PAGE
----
Countdown to Camp 2016 - Tight Ends

Posted Jul 24, 2016

In the fifth edition of Countdown to Camp, team insider Myles Simmons breaks down Los Angeles' tight ends.

We’re now six days away from the Rams kicking off training camp at UC Irvine, and in today’s edition of Countdown to Camp, we’re looking at the team’s tight ends. Be sure to submit your question about tomorrow’s position group, safeties, either on Twitter, Facebook, or in the comments below.


Newcomers: Tyler Higbee, Temarrick Hemingway, Benson Browne

There have been some key changes to the Rams’ tight ends room for 2016, starting with the coach. With Rob Boras’ promotion to offensive coordinator, Los Angeles hired John Lilly to lead the position group. Lilly has spent nearly the last two decades in the college ranks, coaching tight ends at Florida State from 1998-2007 before moving over to coach TEs at Georgia from 2008 to 2015.

Lilly said during OTAs his goal is to continue to build on the foundation Boras had laid the last four years under head coach Jeff Fisher. And he’ll do that with a group that has an equal mix of rookies and veterans.

Lance Kendricks has the potential to emerge as a significant target this season, an opportunity he’s embracing. He’s been an important cog in the Rams’ offense in the past, particularly in the red zone. The Wisconsin product leads the team in touchdown receptions over the last three years. As is well known, a good receiving tight end can be a kind of security blanket for a young quarterback. The Rams will likely need Kendricks to fill that role this year.

Many of Cory Harkey’s contributions don’t show up in the box score, but he’s one of the heart and soul members of the team. He often serves as the lead blocker out of the backfield for running back Todd Gurley, and is also on many of the club’s special teams units. Fisher has said the Rams’ offense will be based around Gurley, which means Harkey will likely be integral to its success.

Of course, Los Angeles drafted two tight ends in this year’s draft, both of whom could turn into solid options at the position. According to Fisher, Higbee could even emerge early on in the season. The tight end checked in at the NFL Combine at 6-foot-6, 249 pounds. He caught 38 passes for 563 yards and eight touchdowns in his final year at Western Kentucky.

Hemingway is a bit more raw offensively, but Fisher said he could be one of the most productive special teams players the Rams have in 2016. The tight end said he played on every STs unit but kickoff at South Carolina State.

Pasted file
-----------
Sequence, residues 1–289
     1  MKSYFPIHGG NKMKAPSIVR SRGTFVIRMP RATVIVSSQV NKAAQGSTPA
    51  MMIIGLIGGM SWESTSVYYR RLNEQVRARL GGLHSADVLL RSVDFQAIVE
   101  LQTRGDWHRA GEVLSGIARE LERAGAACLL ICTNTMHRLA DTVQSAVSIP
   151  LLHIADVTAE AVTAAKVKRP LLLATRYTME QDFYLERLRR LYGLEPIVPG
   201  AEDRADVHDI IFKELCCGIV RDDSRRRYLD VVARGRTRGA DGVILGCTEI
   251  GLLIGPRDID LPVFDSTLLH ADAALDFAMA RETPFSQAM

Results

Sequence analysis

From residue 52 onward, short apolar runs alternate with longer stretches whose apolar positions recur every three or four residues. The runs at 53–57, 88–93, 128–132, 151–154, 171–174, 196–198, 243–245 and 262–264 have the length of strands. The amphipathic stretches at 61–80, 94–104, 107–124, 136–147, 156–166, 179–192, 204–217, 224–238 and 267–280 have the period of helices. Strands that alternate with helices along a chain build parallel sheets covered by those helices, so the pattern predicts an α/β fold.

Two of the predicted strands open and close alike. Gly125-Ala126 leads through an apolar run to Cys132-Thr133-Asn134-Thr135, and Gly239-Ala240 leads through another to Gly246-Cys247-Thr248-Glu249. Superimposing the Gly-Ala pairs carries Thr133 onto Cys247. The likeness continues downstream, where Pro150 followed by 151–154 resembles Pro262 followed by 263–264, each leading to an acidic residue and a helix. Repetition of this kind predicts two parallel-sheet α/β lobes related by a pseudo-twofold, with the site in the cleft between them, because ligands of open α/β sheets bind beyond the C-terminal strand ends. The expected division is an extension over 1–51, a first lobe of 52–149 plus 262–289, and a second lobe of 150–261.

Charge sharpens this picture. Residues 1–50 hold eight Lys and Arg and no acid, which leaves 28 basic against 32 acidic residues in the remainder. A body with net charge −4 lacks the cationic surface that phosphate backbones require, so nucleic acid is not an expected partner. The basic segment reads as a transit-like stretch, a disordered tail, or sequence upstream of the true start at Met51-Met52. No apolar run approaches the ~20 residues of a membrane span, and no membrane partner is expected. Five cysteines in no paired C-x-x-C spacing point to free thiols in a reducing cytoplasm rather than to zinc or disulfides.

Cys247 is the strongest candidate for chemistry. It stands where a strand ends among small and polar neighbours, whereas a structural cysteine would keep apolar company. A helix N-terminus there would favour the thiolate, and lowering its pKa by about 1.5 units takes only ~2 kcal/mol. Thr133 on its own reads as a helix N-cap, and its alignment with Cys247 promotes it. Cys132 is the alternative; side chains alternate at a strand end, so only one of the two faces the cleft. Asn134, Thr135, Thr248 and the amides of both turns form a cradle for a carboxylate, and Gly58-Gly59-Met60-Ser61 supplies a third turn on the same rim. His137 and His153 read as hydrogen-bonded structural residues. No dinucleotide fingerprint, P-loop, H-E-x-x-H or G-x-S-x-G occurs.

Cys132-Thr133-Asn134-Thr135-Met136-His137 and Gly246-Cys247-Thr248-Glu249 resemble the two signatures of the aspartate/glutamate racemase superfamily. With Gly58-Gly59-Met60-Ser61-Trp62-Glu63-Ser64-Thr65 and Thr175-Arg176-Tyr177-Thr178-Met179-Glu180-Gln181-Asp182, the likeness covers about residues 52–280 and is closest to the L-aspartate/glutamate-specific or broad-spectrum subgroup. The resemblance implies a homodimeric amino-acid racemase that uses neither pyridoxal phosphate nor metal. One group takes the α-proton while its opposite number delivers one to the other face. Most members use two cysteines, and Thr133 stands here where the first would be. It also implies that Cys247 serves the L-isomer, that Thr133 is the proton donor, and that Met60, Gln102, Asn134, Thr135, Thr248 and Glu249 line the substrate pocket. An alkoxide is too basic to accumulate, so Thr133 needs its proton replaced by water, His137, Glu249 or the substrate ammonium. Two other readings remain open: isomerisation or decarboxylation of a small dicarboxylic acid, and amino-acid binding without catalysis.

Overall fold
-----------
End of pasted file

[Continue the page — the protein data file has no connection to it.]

Also at tight end, the Justice Cunningham returns after bouncing between the Rams’ active roster and practice squad over the past few years. And the club signed Benson Browne (North Carolina State) as an undrafted free agent.


Well, I think the first thing to remember here is that even if Jared Goff ends up as the Rams’ starting QB, he won’t only be throwing to rookies. While Higbee has the potential to play sooner than later, Kendricks will likely remain the primary option. The Rams have employed plenty of two tight end sets over the past few years, anyway.

But thinking about young QBs and young TEs, I tried to think of a few good, recent comparisons from around the league. The first that came to mind was Andrew Luck, Dwayne Allen, and Coby Fleener, who were all rookies with the Colts in 2012. Fleener had played with Luck at Stanford, but Allen was the primary TE target that year. He caught 45 passes on 66 targets for 521 yards and three touchdowns. Fleener received 48 targets, making 26 receptions for 281 yards and two TDs.

Now, the Rams’ offense is not going to run as the Colts’ offense did in 2012 for a variety of reasons — the most significant has the name “Gurley.” But there are some other recent rookie QBs who’ve played with young TEs — Derek Carr and Mychal Rivera, or Jameis Winston and Austin Seferian-Jenkins for instance — and have been able to garner decent success.

Still, I think it’s important to remember that every player and every system is different. I do think the Rams’ tight ends will be significant reasons for the offense’s success. But we’re not going to have a real idea of how that’s exactly going to look until we get a few weeks into the season.

Thanks for the question, David. Hope the answer was satisfactory — had to think about that one a bit. If you’ve got a Q for our next position group, safeties, be sure to send it over on Twitter, Facebook, or in the comments below.


July 20 - Special Teams
July 21 - Linebackers
July 22 - Wide Receivers
July 23 - Cornerbacks